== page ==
Flutter to ask shareholders to take dividend payment in shares

Coronavirus pandemic hits another shareholder payout

Chief executive of Flutter Entertainment Peter Jackson. Photograph: Nick Bradshaw

Chief executive of Flutter Entertainment Peter Jackson. Photograph: Nick Bradshaw

 

Paddy Power owner Flutter Entertainment’s US casino partner, Boyd Gaming, has put most of its 25,000 workers on unpaid leave in the face of a month-long Covid-19 shut down.

The news comes as Flutter Entertainment confirmed plans to pay a dividend of 133 pence to shareholders, but in shares rather than cash.

The company said it would put the proposal to shareholders at an annual general meeting due to take place next month. It needs their approval before it can proceed with the share payout.

Flutter’s US subsidiary Fanduel offers sports betting in partnership with Boyd Gaming at the group’s casinos in a number of states.

Boyd chief executive, Kevin Smith, said in a statement that it was placing most of its 25,000 workers on unpaid furlough to ease the cost of the coronavirus shutdown.

Mr Smith called the measure a last resort. Boyd is continuing to cover insurance and healthcare plans for workers enrolled in such schemes while they are on leave.

The company borrowed the remaining $660 million of an existing credit line in mid March to cover the cost of casino closures. An Australian investment bank recently said Boyd had enough cash to cover nine months of not trading.

Mr Smith said that executives along with Boyd’s corporate and property managers, who are continuing to work, would take “significant” pay cuts.

Fanduel needs a physical presence in each US state where it offers on-line sports betting. Boyd provides this through a partnership the pair agreed in 2018.

Supreme court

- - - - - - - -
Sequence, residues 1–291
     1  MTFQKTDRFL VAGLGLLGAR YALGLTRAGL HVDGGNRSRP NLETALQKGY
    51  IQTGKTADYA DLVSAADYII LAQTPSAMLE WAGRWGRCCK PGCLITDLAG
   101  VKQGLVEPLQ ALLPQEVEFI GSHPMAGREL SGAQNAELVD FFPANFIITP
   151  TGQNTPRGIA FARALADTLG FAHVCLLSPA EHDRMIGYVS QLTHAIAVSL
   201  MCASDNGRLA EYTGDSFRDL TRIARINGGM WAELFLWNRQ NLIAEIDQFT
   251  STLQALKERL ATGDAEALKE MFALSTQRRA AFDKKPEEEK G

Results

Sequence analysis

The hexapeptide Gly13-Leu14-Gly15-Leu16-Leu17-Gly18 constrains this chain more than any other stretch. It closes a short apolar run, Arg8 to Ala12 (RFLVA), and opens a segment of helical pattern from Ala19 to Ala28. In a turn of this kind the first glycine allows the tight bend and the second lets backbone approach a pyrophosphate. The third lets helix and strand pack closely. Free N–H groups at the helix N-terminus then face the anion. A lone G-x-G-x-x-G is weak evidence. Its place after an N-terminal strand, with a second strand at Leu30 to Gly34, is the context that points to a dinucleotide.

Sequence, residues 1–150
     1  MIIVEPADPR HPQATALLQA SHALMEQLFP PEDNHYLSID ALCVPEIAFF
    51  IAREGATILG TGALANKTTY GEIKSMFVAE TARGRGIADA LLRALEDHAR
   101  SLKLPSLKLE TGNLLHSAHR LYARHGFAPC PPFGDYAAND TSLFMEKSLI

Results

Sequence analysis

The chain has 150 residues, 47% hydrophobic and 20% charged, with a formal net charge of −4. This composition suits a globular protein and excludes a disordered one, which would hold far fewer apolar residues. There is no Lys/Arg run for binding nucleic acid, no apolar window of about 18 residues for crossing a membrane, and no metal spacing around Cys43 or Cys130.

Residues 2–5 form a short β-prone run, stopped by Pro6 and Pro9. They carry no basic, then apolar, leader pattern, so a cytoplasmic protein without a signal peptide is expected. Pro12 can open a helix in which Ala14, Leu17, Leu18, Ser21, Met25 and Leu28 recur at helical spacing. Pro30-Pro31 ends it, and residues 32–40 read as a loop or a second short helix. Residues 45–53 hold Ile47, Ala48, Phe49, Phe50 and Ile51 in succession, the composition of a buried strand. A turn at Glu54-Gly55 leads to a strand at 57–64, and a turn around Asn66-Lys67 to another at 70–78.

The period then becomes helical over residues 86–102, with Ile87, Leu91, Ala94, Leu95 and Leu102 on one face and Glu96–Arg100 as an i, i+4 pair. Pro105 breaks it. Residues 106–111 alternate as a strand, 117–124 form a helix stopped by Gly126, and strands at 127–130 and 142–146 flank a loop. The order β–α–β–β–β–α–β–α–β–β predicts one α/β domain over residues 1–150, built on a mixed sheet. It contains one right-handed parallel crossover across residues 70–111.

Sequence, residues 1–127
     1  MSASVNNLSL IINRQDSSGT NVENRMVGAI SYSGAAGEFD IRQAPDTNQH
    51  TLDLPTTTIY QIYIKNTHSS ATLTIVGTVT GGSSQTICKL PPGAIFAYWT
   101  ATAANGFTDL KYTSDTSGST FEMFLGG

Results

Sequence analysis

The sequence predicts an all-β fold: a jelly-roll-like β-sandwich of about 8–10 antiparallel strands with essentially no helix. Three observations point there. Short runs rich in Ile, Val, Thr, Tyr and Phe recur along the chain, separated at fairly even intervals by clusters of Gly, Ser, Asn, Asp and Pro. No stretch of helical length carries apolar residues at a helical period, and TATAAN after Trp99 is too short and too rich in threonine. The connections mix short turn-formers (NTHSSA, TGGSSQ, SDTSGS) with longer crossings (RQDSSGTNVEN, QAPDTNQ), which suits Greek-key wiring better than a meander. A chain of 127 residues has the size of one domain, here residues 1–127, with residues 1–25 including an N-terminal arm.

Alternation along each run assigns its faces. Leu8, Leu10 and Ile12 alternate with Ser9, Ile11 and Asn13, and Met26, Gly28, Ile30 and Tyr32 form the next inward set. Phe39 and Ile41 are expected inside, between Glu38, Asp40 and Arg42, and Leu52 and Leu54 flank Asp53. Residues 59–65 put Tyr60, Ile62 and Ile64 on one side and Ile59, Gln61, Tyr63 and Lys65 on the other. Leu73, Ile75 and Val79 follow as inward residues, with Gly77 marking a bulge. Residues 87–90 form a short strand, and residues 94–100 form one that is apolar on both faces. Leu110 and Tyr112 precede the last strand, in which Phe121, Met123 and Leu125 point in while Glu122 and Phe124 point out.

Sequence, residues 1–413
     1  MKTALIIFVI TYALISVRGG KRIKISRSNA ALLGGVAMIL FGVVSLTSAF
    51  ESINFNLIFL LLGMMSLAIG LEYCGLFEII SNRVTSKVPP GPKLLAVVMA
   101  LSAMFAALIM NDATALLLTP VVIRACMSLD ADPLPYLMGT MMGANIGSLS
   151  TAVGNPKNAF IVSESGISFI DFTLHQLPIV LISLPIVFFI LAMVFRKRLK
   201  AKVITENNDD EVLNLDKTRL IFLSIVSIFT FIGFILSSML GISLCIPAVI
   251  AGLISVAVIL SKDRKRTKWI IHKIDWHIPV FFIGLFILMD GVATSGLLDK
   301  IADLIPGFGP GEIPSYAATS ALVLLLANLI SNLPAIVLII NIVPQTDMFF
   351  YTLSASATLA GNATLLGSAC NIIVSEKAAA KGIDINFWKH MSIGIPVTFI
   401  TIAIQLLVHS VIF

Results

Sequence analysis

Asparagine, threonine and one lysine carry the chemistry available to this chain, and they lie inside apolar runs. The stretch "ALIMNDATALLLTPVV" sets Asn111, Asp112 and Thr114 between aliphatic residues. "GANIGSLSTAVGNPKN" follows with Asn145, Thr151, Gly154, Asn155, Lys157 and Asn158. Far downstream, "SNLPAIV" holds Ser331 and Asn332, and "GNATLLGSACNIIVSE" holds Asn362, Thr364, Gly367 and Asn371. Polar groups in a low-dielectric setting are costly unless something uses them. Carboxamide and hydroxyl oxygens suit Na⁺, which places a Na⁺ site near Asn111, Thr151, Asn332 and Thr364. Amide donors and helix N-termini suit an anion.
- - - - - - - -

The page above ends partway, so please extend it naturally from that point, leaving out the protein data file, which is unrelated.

The US federal supreme court lifted a ban on individual states allowing residents to bet on sports including football, baseball and basketball in May 2018.

Flutter subsidiary Fanduel has been growing its digital sports betting business there as individual state legislatures pass laws allowing such wagering.

Irish-headquartered Flutter, which has businesses in Europe, Australia and the US, announced recently that it would pay its £1.33 a-share final dividend in shares to preserve its cash.

Coronavirus restrictions have cancelled most of the sports events on which its customers bet.

The company confirmed plans to distibute the stock dividend in lieu of cash. A statement said that the rate would be calculated with reference to the closing mid-price over five consecutive days commencing on the ex-dividend date, Thursday April 9th.

Flutter’s annual report, published on Monday, showed Flutter paid chief executive Peter Jackson a total of £2 million (€2.8 million) last year, 17 per cent more than in 2018, including a salary of £737,000, a pension contribution of £111,000 and benefits including medical insurance of £7,000.

Chief financial officer Jonathan Hill received £1.35 million last year, including a salary of £484,000.